Of course, we might discover the right password after exhausting half of all the possible passwords, or a quarter, or a tenth, or even a fraction of a fraction of a fraction of a percentage of the possible passwords. The password would likely be very simple compared to the key, and we might even get it within a couple million attempts, especially if we use a dictionary attack to guess more likely passwords first. But even then, that’s still a mind-boggling amount of attempts to go through.
Multiply that by four to get the maximum man-hours this job would take. Multiply it by 1,000 to get the baseline cost for the data recovery work.
In many cases, the time expenditure alone would vastly exceed the current age of the universe and probably the projected lifespan of the universe as well. The monetary cost would force the entire human race into debt slavery for about as long of a time frame. Your children’s childrens’ children’s… (repeat for a couple trillion trillion times)… children would be toiling well after the heat death of the universe to foot the bill for this case.
Unimaginable aeons have passed. The universe is a dark and empty place. There are no more stars or planets. Heavier elements can no longer form. Even black holes begin to vanish into oblivion. And this data recovery case still isn’t finished yet.
You might now truly grasp the idea that, yes, modern encryption is very, very, very powerful.
We here at Gillware would rather not potentially consume the entire productive capacity of the human race until the end of time itself to brute-force a password. Fortunately, there is another way.
We could go to Apricorn themselves, or the designers of the controller used in their secure USB drives, find the guy who wrote the code for the security features, and try to get at the source code and comment out the bits about the ten-guess password limit. Then we’d plug in the images we made of the raw NAND chip data, and start our guessing uninhibited.
Of course, we’d still have to guess just as many times, but each attempt would take substantially less time. We’d start with a dictionary attack, and hopefully get the password within the first few million attempts.
However, the chances of Apricorn (or really any reputable manufacturer) willingly giving up their own source code would not be slim to none—they would be nonexistent. We would be asking Apricorn to intentionally cripple their own security product! They would never agree to such a thing. The universe-ending, humanity-enslaving approach we’ve outlined above would probably have a better chance of success!
Realistically, what we would do is try to reverse-engineer the USB drive’s firmware and edit the portion that limits us to ten guesses. This would take months upon months of R&D time, a lot of blood, sweat, and tears, and might not yield any positive results at all. And then, of course, we still have to do all the guessing. The price tag would be well into six-figure territory.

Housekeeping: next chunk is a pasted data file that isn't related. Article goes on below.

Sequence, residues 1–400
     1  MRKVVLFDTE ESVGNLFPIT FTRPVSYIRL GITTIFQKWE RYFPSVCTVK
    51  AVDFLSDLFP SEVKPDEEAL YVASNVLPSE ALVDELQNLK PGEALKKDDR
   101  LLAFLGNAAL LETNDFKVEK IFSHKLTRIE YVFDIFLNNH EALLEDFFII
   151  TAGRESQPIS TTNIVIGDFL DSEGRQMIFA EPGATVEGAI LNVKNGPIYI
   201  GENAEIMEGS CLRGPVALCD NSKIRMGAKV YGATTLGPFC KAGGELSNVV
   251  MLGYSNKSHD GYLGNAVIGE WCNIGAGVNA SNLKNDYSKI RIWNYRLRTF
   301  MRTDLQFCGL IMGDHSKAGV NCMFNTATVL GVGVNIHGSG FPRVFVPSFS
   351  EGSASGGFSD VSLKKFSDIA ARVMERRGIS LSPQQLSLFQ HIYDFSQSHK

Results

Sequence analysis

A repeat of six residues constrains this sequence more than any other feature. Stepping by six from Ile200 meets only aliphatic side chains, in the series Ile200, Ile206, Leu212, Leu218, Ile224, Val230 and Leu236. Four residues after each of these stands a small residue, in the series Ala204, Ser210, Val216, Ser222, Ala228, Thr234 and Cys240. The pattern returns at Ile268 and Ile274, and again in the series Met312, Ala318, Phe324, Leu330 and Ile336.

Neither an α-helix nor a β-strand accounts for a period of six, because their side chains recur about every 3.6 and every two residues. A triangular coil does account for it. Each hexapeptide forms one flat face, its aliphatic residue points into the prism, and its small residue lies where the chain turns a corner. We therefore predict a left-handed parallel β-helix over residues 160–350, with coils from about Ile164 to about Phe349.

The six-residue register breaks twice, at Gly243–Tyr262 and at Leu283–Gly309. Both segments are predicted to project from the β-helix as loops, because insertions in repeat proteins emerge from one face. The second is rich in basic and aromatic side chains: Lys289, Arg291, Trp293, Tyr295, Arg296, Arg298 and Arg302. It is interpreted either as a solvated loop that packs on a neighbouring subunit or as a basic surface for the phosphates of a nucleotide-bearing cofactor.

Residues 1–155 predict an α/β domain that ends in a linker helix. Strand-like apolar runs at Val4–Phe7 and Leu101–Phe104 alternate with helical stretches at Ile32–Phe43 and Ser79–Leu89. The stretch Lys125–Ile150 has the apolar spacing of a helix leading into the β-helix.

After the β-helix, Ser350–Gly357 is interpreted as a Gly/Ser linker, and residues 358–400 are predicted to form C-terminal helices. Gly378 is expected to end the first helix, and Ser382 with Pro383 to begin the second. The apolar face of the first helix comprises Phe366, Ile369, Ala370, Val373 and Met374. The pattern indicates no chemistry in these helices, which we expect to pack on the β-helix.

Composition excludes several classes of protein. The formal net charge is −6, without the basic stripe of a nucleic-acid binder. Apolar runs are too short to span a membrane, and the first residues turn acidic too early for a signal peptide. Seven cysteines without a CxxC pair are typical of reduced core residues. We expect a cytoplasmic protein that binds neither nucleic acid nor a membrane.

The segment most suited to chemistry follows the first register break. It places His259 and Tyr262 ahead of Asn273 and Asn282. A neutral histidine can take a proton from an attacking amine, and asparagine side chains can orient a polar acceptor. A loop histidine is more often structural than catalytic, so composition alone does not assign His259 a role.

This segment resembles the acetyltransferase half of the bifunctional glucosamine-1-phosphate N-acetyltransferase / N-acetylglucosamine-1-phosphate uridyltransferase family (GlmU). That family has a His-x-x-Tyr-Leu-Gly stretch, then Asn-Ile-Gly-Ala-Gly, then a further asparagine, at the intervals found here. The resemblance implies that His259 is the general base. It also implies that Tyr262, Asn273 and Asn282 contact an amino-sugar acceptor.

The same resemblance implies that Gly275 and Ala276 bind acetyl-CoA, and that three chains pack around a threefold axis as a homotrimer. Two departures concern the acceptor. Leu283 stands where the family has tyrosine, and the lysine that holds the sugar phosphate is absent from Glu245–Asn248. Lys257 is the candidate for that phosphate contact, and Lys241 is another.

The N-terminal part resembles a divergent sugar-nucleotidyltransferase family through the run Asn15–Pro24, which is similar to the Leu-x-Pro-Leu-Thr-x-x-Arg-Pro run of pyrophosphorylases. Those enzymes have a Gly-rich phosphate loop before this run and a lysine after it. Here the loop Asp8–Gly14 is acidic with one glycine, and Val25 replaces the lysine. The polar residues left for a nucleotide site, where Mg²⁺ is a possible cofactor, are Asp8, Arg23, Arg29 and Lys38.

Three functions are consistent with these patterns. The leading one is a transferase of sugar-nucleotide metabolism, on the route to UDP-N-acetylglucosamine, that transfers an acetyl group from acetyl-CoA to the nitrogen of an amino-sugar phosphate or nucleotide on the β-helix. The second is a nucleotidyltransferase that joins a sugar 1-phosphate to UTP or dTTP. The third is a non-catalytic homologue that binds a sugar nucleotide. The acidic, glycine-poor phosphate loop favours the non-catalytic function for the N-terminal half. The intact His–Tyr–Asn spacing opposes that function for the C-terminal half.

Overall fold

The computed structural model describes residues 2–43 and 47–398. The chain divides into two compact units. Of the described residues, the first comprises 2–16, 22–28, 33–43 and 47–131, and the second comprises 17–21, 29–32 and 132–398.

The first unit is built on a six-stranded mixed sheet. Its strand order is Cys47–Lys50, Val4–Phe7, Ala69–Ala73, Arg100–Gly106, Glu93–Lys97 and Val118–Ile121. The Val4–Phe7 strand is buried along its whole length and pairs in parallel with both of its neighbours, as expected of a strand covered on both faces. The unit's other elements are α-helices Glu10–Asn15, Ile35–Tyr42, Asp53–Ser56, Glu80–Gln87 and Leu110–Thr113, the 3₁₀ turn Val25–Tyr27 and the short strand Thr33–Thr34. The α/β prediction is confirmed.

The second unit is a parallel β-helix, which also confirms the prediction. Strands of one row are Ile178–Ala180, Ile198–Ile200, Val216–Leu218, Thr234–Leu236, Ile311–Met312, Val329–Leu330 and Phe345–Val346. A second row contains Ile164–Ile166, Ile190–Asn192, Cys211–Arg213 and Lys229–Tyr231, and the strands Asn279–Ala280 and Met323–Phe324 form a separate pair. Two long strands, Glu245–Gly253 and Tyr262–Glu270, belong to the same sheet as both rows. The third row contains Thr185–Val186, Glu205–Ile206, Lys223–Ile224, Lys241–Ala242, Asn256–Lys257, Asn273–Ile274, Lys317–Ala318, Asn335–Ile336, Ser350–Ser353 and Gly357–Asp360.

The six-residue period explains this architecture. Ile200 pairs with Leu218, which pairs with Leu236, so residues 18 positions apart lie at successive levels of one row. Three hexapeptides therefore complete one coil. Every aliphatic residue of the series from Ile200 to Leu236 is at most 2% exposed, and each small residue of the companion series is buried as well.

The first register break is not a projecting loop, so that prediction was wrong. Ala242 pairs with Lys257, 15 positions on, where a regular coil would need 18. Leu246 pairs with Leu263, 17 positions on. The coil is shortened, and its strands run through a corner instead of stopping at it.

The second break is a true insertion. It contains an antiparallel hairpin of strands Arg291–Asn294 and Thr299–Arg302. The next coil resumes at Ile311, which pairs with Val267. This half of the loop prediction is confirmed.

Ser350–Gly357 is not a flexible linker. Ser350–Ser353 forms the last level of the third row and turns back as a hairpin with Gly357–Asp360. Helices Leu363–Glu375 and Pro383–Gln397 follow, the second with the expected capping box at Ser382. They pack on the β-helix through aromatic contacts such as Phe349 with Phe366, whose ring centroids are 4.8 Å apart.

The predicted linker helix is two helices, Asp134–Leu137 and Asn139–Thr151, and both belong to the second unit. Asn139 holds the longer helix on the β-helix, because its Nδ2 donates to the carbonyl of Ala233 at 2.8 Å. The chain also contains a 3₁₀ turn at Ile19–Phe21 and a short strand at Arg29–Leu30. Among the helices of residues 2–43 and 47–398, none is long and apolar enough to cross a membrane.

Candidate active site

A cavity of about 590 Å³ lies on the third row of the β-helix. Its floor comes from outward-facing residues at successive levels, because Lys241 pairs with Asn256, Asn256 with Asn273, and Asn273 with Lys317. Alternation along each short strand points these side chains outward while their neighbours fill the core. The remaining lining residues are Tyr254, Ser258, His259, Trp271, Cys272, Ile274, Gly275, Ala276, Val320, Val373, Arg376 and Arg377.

All things considered, the data on the USB drive would have to be very important to warrant such expenditures.
Hopefully we’ve laid out just how hard and time-consuming it could be to brute-force the password on one of these Apricorn Aegis Security Key 3.0 USB drives. 256-bit encryption is very serious about what it does. If it were easy to break encryption, there’d be no point in encrypting anything!
When hackers break into a user’s account or device, they usually do so not by brute-force guessing the password, but through other kinds of trickery. A keylogger virus can send the data about what you type in to your computer to them, including login credentials for various services. Hackers often use phishing schemes, such as sending people to fake login pages for services like Google Drive and Dropbox, to get them to unwittingly hand over their login credentials.
But when hackers do try to brute-force a password, they do so in the hopes that their victim is one of the many people who use simple, easy-to-remember (and guess) passwords. A password that involves your name, your pet’s name, your company’s name, your mother’s maiden name, the street where you grew up on, your birthdate, etc. is much easier to hack than a truly randomly-generated password. A hacker can easily get this kind of information just by stalking you on social media (or a genealogy website…). Passwords like these can take only a couple thousand or million tries to guess, rather than the trillions, quadrillions, or quattuorvigintillions of guesses a stronger password might require. Using real words or combinations of real words is a no-no in password creation.
Encryption doesn’t fool around, so don’t be surprised when the ultra-secure storage device you’ve purchased works exactly as intended. A proper, strong password is all but unbreakable.
If you’ve forgotten the password to your encrypted hard drive or thumb drive, unfortunately, even the world’s top encrypted data recovery experts won’t be able to help you.
You can find a much cheaper, quicker, and potentially more effective solution—a hypnotist. A professional hypnotherapist may be able to help you recall that password you’ve forgotten. However, so-called “recovered-memory techniques” are all still rather controversial and currently lack hard evidence of their efficacy.
All in all, the key to encrypted data recovery is your password. Keep it secret. Keep it safe. But make sure you write it down somewhere…